Film Reviews

Classic Movie Of The Week: Frankenstein (1931)

Frankenstein_poster_1931.jpg

Starring: Colin Clive, Mae Clarke, Boris Karloff

Director: James Whale

“It’s ALIVE!”

This is THE horror film, 1001 Movies You Must See calls it “the single most important horror film ever made”.

It’s a well known story now. Dr Frankenstein has become obsessed with creating life, and robs graves to find the parts he needs, cobbling them together with the help of his hunchbacked sidekick. He’s the original mad scientist, laughing hysterically and comparing himself to God, as his creation is struck by the lightening that will zap it to life. The creation is a huge hideous monster, a man child that can kill as easily as not in it’s naivety and lack of guidance as it is cast out by the man that created it.

Of course, here it’s all rather sensationalised, and the monster, with what would become it’s iconic flat topped head, drooping eyes and bolts in it’s neck, are now the accepted image of the creature that would come to be known by it’s inventors last name. Mary Shelley’s themes of compassion are present here, but take a back seat to the spectacle of midnight grave robbing, lavish tower room lab sets and a beautiful damsel in distress, and were dropped in later films in favour of outright scares. But those themes are here. The monster is not a bad guy, but a figure judged by outward appearances and who is distressed by his lack of knowledge. He’s attacked and vilified because he looks like a monster, but his horror at having accidentally drowned an innocent child during play is palpable.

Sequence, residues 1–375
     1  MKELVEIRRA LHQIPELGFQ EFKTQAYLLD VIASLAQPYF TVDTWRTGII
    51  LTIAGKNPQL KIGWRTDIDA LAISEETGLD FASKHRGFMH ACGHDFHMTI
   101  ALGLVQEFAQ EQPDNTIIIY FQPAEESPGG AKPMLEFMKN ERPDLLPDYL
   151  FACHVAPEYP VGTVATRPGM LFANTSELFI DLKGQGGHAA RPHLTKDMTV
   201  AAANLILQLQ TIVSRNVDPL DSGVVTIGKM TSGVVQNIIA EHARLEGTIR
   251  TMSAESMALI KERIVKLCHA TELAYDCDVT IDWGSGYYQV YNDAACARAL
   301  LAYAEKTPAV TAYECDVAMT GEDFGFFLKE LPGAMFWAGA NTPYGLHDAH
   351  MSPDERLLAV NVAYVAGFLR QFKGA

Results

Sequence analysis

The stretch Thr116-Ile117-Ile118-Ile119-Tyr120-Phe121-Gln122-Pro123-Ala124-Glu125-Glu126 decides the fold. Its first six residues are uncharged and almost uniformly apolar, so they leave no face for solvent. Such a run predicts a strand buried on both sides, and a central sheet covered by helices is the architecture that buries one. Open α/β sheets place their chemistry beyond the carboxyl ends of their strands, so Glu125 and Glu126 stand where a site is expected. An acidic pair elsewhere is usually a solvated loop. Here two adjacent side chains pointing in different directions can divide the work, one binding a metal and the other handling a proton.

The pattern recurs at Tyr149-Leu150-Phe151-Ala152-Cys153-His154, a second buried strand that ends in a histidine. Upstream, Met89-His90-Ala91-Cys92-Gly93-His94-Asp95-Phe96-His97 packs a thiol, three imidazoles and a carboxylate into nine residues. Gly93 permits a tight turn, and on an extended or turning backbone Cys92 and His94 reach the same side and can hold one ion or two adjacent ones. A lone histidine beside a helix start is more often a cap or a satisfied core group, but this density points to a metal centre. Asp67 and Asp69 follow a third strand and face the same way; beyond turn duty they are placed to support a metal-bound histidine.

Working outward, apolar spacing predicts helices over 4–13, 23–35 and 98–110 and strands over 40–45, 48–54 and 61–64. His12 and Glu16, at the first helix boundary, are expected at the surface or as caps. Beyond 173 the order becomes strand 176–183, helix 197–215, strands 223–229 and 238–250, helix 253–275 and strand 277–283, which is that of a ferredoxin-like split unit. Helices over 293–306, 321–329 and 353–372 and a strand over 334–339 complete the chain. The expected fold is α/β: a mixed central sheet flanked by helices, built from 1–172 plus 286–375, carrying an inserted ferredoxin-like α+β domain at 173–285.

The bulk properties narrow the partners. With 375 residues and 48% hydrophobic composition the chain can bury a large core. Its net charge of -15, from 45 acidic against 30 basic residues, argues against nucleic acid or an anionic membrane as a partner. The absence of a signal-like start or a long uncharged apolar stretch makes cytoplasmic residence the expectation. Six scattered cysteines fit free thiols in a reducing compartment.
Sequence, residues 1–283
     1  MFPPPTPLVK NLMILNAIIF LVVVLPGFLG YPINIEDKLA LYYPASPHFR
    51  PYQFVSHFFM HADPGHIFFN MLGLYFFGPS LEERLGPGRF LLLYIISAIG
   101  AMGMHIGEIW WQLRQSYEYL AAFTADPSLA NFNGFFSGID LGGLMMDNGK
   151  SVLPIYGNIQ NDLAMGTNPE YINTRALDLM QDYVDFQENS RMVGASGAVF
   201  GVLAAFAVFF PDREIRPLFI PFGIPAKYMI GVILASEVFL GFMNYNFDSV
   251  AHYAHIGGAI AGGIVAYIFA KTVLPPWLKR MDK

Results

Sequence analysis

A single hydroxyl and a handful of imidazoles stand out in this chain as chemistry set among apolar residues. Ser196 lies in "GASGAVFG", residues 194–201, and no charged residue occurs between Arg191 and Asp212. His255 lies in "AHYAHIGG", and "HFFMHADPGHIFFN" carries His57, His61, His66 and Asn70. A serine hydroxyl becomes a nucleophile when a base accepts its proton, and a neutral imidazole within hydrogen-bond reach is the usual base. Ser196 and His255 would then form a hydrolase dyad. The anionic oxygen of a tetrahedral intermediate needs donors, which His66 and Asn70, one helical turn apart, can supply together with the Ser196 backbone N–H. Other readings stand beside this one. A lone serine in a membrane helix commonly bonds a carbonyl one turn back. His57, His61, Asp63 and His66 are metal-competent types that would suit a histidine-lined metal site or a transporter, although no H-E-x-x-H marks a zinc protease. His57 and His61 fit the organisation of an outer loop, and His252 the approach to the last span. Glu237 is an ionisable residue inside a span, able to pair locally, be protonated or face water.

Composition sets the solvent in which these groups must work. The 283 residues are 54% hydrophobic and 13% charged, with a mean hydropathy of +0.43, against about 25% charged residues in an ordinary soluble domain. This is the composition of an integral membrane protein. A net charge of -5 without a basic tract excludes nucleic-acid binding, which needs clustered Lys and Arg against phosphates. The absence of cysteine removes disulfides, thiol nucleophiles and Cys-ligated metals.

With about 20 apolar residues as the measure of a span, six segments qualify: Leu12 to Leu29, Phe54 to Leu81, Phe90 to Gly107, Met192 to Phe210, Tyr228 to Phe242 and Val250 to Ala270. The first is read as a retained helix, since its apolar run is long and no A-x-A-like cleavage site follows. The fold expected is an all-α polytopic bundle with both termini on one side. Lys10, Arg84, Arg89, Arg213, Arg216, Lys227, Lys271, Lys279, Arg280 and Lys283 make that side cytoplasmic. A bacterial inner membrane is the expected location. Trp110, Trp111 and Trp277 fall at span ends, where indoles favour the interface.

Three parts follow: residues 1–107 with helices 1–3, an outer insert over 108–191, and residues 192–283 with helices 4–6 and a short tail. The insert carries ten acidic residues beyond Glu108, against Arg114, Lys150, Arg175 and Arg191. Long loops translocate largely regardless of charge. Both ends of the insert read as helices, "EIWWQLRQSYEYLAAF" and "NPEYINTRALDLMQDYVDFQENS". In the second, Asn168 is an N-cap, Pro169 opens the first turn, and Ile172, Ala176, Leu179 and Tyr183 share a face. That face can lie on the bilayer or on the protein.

Boris Karloff became a real name in black and white horror films because of this role, and although it’s sad in places, it’s a real cracker of a film, moving through set pieces to bring you swiftly from event to event. You might be surprised at how short this film is. Movies of this era often did a great deal with a short run time, which is charming after modern films tend to be over twice this long, often with very little reason to be.

It spawned a number of sequels and an appetite for this kind of horror film emerged, and although we can recognise to much that’s cartoonish about this film, it’s quite a detailed story, the plot is logical and escalates well, and the sets are beautifully designed and thought out, using the black and white to create a real gothic, ghoulish feel to scenes that really bring the atmosphere to the fore. It’s quite beautiful at times, in a dark kind of way. A very exciting film.

See It If: a must for all horror and monster fans, this is such a classic, iconic, early horror film.

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